Dan O’Sullivan later became the editor-in-chief of West Australian Newspapers, a company that assisted with the start of The Jakarta Post in 1983. He helped set up the Sister-State Agreement in 1990.

    Paul Rigby prepared the following cartoon to commemorate the WAN men who took part in the first Monte Bello expedition. It was only for the amusement of staff and not for publication, hence the depiction of them being somewhat sex starved for the duration.


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Paul Rigby cartoon

TVW Channel 7 photographic staff also had a link to WA Newspapers and Doug Burton.


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    The early Seven cine-cameramen Digby Milner, Tom Hall, Peter Goodall and Lu Belci were all drawn from Doug’s staff at the West. Sadly, Dig Milner and the West’s Owen Williams lost their lives in an air crash on Monday 28th November 1960, when their chartered aircraft crashed into the sea near Cervantes Island whilst photographing a stranded freezer-boat, which was holed and resting on a reef. Prior to that, Dig Milner and Doug Burton covered the Rome Olympics from August 25 to September 11, 1960.


News Coverage Events of 1960

WA TV History
Newspaper and Television News not only covers the dramatic elements of real life, as a window on the world, but sometimes the disasters and tragedy can occur within the News gathering team, to inadvertently become part of the News story.



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Doug Burton with Bing Crosby, their Italian driver and Syd Donovan
at the Rome Olympics in 1960 (Photo by Digby Milner)

    Though development began in the mid 1970s, it was not until the 1990s that digital cameras became commercially available. These revolutionised photography, as film cameras were the technology up until then.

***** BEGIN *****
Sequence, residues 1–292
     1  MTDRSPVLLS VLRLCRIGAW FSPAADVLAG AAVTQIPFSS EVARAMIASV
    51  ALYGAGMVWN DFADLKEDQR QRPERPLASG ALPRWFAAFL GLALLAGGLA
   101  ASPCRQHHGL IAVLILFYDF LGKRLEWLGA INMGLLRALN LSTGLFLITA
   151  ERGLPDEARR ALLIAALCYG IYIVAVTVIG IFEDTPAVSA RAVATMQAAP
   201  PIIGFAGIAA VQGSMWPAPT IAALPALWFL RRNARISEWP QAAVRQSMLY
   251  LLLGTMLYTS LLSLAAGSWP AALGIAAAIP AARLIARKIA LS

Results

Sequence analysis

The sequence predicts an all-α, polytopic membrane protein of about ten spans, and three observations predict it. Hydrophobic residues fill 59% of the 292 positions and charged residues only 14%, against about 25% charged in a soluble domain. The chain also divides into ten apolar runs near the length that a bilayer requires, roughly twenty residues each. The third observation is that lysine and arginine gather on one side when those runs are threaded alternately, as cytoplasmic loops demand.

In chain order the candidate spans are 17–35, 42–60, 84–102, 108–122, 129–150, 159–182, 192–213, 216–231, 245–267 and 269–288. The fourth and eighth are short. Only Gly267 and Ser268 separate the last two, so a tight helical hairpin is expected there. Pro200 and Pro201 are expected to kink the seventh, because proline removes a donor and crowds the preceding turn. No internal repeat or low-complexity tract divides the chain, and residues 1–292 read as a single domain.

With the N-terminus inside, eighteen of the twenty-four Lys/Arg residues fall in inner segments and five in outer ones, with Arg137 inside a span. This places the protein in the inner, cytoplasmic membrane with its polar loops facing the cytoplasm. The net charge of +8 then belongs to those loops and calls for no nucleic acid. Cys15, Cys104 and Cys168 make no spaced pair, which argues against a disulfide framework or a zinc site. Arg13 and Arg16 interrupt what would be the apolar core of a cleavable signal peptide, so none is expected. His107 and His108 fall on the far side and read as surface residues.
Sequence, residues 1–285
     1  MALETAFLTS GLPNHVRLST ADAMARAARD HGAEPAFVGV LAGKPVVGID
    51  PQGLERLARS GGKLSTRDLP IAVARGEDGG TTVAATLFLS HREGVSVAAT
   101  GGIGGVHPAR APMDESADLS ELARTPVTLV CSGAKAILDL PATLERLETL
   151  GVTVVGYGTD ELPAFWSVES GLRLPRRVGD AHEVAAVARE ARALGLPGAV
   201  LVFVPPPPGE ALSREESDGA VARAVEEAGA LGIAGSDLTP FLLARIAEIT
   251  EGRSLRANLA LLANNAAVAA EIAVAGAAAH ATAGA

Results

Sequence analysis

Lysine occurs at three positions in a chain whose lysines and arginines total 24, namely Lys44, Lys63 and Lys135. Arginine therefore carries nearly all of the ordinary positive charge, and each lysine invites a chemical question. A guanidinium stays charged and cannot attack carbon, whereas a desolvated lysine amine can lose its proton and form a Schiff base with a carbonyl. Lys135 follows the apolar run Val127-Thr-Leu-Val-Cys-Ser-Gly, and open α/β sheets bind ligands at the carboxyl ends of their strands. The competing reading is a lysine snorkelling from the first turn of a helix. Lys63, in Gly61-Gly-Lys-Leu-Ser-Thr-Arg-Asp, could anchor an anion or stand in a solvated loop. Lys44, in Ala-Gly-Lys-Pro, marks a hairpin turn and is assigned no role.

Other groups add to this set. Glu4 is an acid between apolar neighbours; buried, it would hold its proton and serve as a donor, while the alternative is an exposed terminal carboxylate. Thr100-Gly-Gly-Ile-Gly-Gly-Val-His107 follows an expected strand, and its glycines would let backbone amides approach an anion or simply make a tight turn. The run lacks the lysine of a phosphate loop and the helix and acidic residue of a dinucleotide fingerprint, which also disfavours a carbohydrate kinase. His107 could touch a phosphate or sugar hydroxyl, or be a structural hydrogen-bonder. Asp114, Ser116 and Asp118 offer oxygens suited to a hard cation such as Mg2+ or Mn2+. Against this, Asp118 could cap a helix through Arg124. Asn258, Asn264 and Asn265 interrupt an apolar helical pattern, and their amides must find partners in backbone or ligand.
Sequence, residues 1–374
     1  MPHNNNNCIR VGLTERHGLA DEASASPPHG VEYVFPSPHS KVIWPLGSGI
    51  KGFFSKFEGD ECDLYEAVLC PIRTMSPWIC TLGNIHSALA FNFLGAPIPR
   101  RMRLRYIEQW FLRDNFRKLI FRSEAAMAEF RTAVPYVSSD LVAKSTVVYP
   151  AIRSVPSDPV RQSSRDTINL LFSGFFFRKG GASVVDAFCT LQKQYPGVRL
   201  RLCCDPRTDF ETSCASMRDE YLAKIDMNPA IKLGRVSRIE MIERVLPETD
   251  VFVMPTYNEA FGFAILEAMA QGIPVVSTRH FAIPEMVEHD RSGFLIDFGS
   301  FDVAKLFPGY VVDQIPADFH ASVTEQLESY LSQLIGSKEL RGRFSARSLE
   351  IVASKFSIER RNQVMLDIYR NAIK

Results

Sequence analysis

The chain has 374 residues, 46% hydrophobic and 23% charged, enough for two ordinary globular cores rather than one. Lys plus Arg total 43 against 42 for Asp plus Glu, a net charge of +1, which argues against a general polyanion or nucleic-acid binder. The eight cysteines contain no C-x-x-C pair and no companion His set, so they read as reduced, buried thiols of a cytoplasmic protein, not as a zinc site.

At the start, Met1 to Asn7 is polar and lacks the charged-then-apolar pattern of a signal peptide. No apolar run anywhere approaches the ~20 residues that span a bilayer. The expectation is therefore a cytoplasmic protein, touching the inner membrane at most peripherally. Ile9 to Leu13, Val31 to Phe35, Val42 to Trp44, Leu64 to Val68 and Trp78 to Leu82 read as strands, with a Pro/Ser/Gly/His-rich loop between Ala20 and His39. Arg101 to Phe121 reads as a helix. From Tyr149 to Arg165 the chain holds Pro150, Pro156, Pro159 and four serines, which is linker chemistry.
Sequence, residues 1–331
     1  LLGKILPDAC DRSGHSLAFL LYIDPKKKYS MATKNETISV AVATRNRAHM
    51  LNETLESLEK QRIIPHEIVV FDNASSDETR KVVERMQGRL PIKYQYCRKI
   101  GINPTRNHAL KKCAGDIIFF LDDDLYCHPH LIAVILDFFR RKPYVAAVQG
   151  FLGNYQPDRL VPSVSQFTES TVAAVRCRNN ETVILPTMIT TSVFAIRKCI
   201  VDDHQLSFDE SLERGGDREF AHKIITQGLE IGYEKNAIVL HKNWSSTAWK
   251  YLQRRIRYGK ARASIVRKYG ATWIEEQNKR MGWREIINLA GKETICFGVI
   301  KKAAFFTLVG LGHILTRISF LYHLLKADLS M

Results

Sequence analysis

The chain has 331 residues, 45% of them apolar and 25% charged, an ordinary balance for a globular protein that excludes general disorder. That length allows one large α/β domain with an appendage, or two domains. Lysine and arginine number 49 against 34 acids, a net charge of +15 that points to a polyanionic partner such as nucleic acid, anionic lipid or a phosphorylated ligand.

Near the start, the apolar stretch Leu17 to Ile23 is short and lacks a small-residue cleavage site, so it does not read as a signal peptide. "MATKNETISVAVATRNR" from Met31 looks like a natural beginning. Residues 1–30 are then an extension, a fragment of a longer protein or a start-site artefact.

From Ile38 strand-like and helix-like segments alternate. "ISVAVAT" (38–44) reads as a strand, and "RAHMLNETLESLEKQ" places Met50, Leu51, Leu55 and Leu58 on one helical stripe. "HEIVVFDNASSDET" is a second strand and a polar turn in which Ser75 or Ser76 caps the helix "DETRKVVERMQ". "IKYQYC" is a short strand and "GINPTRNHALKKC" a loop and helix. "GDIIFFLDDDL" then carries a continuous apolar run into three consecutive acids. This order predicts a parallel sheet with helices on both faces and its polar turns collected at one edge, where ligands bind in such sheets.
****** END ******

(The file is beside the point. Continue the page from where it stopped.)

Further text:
Prior to that, photographs were made by exposing a light sensitive film, and then using chemicals to develop and stabilize the image. By contrast, digital photographs can be displayed, printed, edited, transmitted and stored using the new techniques.

    When Doug Burton retired from WA Newspapers in 1978, he took up an administrative consulting role at TVW Channel 7. Five years earlier, TVW had acquired a controlling interest in Group Color, to provide a colour film and slide processing service for colour television and to develop the NECO (Nippon Enlarging Colour Inc) colour enlarging operation in Perth. Group Color soon became a wholly-owned subsidiary of TVW Limited and its founder, Ray Irvine, left eventually taking the NECO business with him. The company was relocated to TVW and Doug Burton became the manager. Another branch of Group Color was located in Adelaide. Eventually, Doug retired leaving Richard Ashton to manage the business. On 8th November 1980, Robert Holmes à Court launched the Western Mail, a Saturday newspaper, to challenge the Herald & Weekly Times (H&WT) which had bought the West Australian in 1969 (not to be confused with the WAN’s Western Mail which was renamed The Countryman in 1955). When Holmes à Court gained control of TVW, he moved Group Color into Perth to service the colour photography needs of the Western Mail, but when he gained control of the West Australian, he disbanded Group Color. Holmes à Court’s Western Mail made estimated losses over seven years of $50 million.

    The fortunes of both TVW and the West were to take many twists and turns over the ensuing years till they were united in 2011 as Seven West Media Limited.

    This journey entailed an all important emphasis on catering for the community under James Macartney and Sir James Cruthers, which led to acquisitions and diversification, company growth, record dividends followed by corporate raids, eventual bankruptcy and marvellous recovery as ownership changed several times. It should be emphasised that the television and newspaper divisions did not fail, it was the dubious corporate manipulations and a crash in the economy which led to the downfall of the owning identities of Robert Holmes à Court’s Bell Group, Alan Bon’s Bond Corporation and Christopher Skase’s Qintex, which in turn impacted on the otherwise profitable companies.